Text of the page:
4 Keys for Creating Connections
Surveys around the globe steer the conversation about workplace engagement and employee retention as well as our general health and well-being in life and relationships. With 58 percent of managers reporting they did not receive any management training (2018 study from CareerBuilder.com). Many bosses believe people leave because of money, 89 percent sited in Leigh Branham’s book, “The 7 Hidden Reasons Employees Leave” while in truth the real statistic is 12 percent of employees leave an organization for more money.
A Harvard Business Review survey states, “people trust strangers more than their own bosses”, 58 percent to be exact. And 79 percent of the people who quit their jobs indicate that a “lack of appreciation’ is their primary reason for leaving.
It’s clear that a lack of connection is costing people and organizations valuable resources and results, not to mention the impact on overall health.
What is transparent about all the data that is being reported? First, let’s acknowledge that a disengaged employee is not equivalent to a “bad” employee. And while there are a number of things causing “a lack” of genuine connection at work, most of these can be summarized as a lack of communication. Specifically, a lack of direction, feedback, productive coaching, and even just getting to know one another as real people. Often there is a disconnect translating the organization’s core values and mission with employees and customers. Much of which begins with incomplete on-boarding communication and check-ins. This require making a real-time commitment of time without distractions.
What can we do about this? How can we be more approachable?
Commit to making it a priority is number one. This begins with you. Applying the “4 Keys for Creating Connection” as part of your individual or leadership development practice is another step in a brilliant direction forward.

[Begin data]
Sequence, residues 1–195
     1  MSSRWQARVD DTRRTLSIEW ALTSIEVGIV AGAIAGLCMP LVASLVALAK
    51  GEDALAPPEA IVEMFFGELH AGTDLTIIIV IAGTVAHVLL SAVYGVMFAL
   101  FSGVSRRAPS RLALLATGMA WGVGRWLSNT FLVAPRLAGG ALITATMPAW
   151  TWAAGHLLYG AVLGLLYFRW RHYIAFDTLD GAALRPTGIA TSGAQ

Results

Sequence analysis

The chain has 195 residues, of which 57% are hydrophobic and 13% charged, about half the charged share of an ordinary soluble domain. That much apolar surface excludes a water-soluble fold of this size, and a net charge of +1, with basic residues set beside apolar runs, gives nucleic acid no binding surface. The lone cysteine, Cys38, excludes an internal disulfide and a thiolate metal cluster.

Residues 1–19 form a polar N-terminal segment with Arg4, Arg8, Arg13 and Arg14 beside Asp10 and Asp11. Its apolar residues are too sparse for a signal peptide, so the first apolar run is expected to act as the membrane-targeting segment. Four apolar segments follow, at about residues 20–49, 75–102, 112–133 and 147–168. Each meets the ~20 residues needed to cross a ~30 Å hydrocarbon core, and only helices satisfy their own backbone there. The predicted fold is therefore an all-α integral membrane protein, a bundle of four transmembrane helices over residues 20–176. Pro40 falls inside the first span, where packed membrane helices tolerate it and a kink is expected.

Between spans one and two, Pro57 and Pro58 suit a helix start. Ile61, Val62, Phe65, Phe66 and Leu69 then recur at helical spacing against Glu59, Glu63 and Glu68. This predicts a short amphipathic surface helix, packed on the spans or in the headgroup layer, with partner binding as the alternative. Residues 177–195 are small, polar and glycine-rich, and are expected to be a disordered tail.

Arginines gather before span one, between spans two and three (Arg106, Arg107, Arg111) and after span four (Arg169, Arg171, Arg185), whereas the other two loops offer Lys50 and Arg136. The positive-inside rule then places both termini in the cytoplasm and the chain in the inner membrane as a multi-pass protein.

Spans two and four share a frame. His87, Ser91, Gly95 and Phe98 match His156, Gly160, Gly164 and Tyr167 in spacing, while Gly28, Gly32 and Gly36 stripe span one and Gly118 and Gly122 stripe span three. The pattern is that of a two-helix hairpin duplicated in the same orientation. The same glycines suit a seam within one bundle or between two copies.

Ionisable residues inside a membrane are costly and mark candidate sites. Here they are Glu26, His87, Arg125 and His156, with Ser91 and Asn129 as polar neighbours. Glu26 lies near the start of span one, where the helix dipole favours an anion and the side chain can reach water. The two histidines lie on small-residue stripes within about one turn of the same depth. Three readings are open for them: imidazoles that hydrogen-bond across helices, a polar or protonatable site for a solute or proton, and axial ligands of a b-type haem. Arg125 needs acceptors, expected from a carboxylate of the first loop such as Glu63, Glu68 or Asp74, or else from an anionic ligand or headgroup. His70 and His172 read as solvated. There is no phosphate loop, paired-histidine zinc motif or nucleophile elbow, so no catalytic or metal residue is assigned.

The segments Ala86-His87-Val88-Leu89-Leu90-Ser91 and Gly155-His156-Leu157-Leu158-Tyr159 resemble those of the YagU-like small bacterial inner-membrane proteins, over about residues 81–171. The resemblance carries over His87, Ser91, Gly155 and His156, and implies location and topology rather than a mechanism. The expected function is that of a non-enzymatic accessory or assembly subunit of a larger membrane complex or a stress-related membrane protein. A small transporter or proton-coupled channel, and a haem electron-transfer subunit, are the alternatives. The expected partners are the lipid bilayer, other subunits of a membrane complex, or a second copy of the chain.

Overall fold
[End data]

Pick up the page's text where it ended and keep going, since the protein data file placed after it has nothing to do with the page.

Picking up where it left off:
Key 1: Authentic Acceptance
A simple way to put this into practice is to be authentic with yourself. Identify how you connect with others? Or if this is something you need to work on to be more approachable. What do you respect about your communication style? What are you working on to improve? How can you be more accepting of others who may have a different style than you? Or one that you may not prefer? Accepting means respecting.
Key 2: Radiate Energy & Openness
Be accessible. This means really showing up. Find ways to be naturally energized about making a connection with someone else, no matter who they are, and yes, this can be difficult, but remember accepting means respecting. See it as a way to be innovative and creative, not just a check off, from your “must do” list. Stay open and show this through your body language. “Look up” from your screens and devices and make eye contact. There is no greater way to let someone know you are not open or available than to have your head pointed down towards your mobile phone. Many people see this as a sign that you do not value them, or respect their time. Also, it’s amazing how much a genuine smile can truly make a difference.
Key 3: Empathy
If this does not come naturally for you, consider this simple definition for being more aware of empathy, and how it can help you make a connection. Empathy is caring about someone’s experience. It means listening and imaging what it may be like to have this experience. No one can ever really know what it’s like to think, feel, or experience another person’s situation, yet it makes a difference if you care enough to listen in order to understand, not just to form an opinion or make judgment of the person or their situation. It means leaving room for the human experience.
Key 4: Genuine Curiosity
When the pace of work is more often defined by reactions it is essential to have reminders to pivot your thinking into a more curious point of view. Curiosity is the desire to learn, it demonstrates genuine interest, and inquisitiveness. Beware of jumping into criticism or assessments, this can come later. Consider how you will remind yourself to stay open and remain curious before an interaction or meeting? Try writing down the words “genuine curiosity” or “be curious” before you begin talking with someone, this habit will remind yourself to remain committed to your development practice.
Recognition is the number one thing employees say that their managers can do to inspire them to produce great work. With 53 percent of our American workforce reported as currently “unhappy at work” (The Conference Board), it’s time we all contribute to the change we need.
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Contact Beth Wellesley at 612.824.0454 (o) or 612.325.5104 (m). Email her at firstname.lastname@example.org or use the CONNECTING menu.